Over the years, the size of import and export trade between the U.S. and China has ballooned to over half a trillion dollars. In 2015 alone, the U.S. goods and services trade with China accounted for over $659 billion in value, according to the Office of the United States Trade Representative.
With the increasing trade volume between the two countries, payments have become a major pain point for retailers that often rely on wire transfers, which can take up to three days to complete.
The result? A need for larger working capital and a slower supply chain for both exporters and importers. That’s a problem that San Francisco-based Wyre is offering to solve with its real-time cross-border payment solution.
“We are trying to get [merchants] away from the idea that waiting three days for payments is efficient,” said Michael Dunworth, cofounder and CEO of Wyre. “Businesses kind of operate on that. If you have got the money and it’s being transferred, then we want to shorten the wait time for the accounts receivable side and reduce the amount of working capital that businesses have because they are waiting on payments from other companies.”
PYMNTS sat down with Dunworth to discuss the cross-border payment hurdles slowing down business between American and Chinese merchants and how blockchain holds the key to providing a faster and secure solution to moving money around the globe.
B2Bs’ need for speed
The year 2016 brought with it a wave of innovation that disrupted cross-border payments. Players, including Earthport, Transpay and Transfast, bolstered support for their cross-border payment offerings with a range of partnerships with international banks to enable real-time transactions.
However, much of this growth has done little to remove barriers that continue to add friction to payments transacted between U.S.- and China-based suppliers.
Considering how much business is conducted between the two countries, payments processing is incredibly inefficient, especially when compared to the ease of processing P2P transactions between the U.S. and other countries, Dunworth said.
“P2P remittances between the U.S. and India is extremely efficient, [between the U.S.] and Mexico is really efficient, but B2B transfer between here and China is just very convoluted,” he said. “There’s no simple way to do it; there are no companies that are excelling at it, and that’s what we are are going for.”
As for the merchants, the need for efficient cross-border payments is overwhelming. A 2014 McKinsey survey found that 70 percent of mid-sized businesses in the U.S. strongly preferred digital channels for payment approvals, account information and foreign exchange transactions.
The demand for faster cross-border payments can also be sized by looking at the broad base of American businesses selling Chinese products on eCommerce marketplaces like Amazon and vice versa, Dunworth pointed out.
“Cross-border payments are a huge component into making sure that they actually received money for the goods they are selling,” he said.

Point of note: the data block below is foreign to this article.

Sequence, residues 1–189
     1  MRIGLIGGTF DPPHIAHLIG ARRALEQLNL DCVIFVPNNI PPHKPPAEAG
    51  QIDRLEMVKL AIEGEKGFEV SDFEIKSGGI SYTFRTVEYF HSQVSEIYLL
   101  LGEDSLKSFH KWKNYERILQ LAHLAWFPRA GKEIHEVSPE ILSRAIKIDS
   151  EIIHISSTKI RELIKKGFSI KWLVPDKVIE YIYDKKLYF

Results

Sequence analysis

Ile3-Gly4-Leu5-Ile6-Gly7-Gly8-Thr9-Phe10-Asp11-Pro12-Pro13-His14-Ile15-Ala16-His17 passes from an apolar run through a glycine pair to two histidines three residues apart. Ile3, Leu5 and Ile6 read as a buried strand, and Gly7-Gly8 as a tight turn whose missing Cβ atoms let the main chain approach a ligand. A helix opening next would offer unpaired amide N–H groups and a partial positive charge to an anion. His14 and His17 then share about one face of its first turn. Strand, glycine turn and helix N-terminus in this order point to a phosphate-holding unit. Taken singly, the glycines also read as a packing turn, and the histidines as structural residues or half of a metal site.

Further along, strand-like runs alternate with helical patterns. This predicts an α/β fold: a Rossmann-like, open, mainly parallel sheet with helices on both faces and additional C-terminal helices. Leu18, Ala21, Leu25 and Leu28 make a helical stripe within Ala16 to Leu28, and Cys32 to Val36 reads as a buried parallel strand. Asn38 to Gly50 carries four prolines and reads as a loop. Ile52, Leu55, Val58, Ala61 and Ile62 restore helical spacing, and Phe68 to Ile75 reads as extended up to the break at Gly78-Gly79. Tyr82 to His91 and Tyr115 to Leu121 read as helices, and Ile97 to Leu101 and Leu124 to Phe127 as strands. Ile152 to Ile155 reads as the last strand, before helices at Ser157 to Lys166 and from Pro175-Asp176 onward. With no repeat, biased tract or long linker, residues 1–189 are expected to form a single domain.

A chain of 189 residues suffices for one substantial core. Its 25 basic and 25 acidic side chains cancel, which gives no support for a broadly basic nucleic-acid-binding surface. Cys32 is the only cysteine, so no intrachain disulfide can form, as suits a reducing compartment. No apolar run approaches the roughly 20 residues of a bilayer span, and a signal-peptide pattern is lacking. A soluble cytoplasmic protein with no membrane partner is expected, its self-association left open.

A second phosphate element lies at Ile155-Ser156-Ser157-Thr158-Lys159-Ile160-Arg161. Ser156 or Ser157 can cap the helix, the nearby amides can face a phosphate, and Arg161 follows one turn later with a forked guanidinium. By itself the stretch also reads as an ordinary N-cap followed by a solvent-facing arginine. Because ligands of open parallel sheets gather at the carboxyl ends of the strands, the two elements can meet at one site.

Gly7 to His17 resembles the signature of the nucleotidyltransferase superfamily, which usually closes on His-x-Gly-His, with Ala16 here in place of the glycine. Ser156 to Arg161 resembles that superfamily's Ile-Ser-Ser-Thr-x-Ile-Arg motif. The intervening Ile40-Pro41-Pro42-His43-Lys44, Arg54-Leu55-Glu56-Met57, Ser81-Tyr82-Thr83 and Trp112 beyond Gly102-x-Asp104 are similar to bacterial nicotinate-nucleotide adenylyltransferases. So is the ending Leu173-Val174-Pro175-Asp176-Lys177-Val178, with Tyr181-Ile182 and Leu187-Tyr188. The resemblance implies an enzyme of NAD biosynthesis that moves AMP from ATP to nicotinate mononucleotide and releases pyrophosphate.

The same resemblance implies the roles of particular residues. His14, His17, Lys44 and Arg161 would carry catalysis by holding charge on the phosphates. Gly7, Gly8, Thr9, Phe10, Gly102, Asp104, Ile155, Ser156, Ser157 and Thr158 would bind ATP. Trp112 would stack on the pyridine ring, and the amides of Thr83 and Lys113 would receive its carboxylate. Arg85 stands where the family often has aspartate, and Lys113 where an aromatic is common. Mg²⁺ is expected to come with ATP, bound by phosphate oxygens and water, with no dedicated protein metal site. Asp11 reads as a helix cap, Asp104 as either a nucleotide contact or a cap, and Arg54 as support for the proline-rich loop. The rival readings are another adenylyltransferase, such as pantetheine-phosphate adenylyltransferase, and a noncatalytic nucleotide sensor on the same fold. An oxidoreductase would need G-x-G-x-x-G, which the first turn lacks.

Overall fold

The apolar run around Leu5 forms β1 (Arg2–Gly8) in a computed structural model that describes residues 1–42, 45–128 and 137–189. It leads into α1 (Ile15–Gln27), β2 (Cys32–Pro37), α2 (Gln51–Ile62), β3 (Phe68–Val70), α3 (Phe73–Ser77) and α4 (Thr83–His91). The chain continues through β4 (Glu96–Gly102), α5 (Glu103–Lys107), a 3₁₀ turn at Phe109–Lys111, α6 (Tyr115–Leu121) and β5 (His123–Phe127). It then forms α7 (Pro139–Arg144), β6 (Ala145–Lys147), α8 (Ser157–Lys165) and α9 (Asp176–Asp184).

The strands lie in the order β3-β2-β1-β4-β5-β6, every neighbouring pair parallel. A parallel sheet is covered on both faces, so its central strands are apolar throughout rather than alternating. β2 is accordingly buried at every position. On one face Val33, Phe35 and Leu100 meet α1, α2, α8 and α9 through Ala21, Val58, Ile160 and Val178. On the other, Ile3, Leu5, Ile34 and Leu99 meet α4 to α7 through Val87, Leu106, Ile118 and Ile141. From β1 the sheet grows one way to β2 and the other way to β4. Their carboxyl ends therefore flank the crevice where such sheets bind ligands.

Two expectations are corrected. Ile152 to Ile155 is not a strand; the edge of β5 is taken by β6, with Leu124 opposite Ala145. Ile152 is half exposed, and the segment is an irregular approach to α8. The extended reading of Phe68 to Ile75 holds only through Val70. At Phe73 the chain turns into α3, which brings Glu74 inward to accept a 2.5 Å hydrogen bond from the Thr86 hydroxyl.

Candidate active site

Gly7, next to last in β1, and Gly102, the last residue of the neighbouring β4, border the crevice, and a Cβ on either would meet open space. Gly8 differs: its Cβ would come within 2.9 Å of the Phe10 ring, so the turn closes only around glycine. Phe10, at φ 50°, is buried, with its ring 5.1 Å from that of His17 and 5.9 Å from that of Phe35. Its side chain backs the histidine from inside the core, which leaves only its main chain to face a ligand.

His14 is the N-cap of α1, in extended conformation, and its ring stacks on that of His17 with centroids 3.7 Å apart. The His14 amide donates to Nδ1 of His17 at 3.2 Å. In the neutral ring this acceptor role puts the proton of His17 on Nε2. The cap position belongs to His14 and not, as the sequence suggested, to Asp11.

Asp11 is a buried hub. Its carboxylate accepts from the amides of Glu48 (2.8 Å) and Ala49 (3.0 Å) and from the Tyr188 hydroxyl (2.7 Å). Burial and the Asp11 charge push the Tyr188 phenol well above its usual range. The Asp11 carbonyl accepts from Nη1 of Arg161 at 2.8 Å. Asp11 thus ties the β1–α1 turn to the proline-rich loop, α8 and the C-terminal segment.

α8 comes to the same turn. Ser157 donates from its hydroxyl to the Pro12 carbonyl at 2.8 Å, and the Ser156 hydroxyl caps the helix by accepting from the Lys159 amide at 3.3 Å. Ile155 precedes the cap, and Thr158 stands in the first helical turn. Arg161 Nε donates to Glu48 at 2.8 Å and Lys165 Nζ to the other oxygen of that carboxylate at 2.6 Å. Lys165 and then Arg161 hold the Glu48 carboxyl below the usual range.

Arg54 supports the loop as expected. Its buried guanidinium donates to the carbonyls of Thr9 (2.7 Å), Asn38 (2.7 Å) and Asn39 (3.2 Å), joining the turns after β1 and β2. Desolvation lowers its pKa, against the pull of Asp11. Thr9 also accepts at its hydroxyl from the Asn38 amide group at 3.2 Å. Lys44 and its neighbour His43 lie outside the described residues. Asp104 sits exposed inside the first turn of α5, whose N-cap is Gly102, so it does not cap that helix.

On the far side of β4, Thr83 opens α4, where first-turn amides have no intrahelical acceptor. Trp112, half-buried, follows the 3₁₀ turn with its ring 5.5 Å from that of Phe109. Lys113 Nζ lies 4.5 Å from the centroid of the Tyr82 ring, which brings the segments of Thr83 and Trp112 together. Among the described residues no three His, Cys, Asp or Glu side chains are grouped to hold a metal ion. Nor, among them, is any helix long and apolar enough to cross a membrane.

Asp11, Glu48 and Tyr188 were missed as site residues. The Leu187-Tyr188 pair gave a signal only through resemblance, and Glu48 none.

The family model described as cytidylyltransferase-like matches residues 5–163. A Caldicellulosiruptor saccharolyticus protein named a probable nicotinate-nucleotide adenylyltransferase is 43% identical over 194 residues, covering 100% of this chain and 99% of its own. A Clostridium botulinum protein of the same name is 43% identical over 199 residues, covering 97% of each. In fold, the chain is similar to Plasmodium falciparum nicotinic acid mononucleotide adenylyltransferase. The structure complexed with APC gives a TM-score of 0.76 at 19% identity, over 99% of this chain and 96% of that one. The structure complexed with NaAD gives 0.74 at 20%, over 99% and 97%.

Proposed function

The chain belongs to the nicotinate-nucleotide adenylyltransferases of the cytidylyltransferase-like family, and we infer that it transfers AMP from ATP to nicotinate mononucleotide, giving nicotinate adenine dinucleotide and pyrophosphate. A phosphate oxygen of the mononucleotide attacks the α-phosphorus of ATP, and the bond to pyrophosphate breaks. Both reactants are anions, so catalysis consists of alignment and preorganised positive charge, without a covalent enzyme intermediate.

An equally important aspect of providing a good international payment experience is extending competitive foreign exchange rates, which go hand in hand with faster payments. Dunworth said Wyre has made this concept central to its product offering.
“Because we use blockchain, we are actually not susceptible to meet the typical forex market rates,” Dunworth said. “We derive an independent rate from buying and selling digital assets across different regions. So, for us, it’s about how the market is responding at the time.”
And even though traditional rates can sometimes look more competitive, the value of real-time payment processing compounded with the price makes a better product offering than the speed and price of traditional rates, he added.
Blockchain and faster cross-border payments
Just as faster payment initiatives like Same Day ACH are speeding up domestic B2B transactions, blockchain technology is promising to do the same for cross-border payments.
Typically, it can take 24–72 hours for cross-border payments to process, and the service can incur a 1–4.5 percent transaction fee. According to McKinsey, merchants are projected to collectively spend $360 billion in processing fees by 2019.
For about the same transaction fee and a more competitive forex rate, API-based blockchain platforms can significantly cut down processing time.
Wyre, for one, claims to completely process international B2B payments in less than six hours, which would make it the fastest blockchain cross-border payment platform. The company currently processes over $1 million in international payments every day and accounts for 90 percent of monthly B2B transaction volume on blockchain-based payment rails, according to a press release.
The need for faster B2B payments between the U.S. and China is projected to get even larger. 9fBank, one of the largest payment companies in China, estimates the demand for cross-border payment from Chinese companies and investors could reach $1.5 trillion within the next five years.
Earlier this month, 9fBank participated in Wyre’s Series A funding round, which raised $5.8 million.
With the funding in its pocket, Dunworth said, going into 2017, the company plans to make compliance best practices an integral part of its offering with a focus on anti-money laundering and KYC policies that are commonly seen in traditional payment networks.
“Blockchain is a whole new space,” Dunworth said. While there’s a lot of work to be done in the compliance field, it is an exciting time to be kneading the two together, he added.
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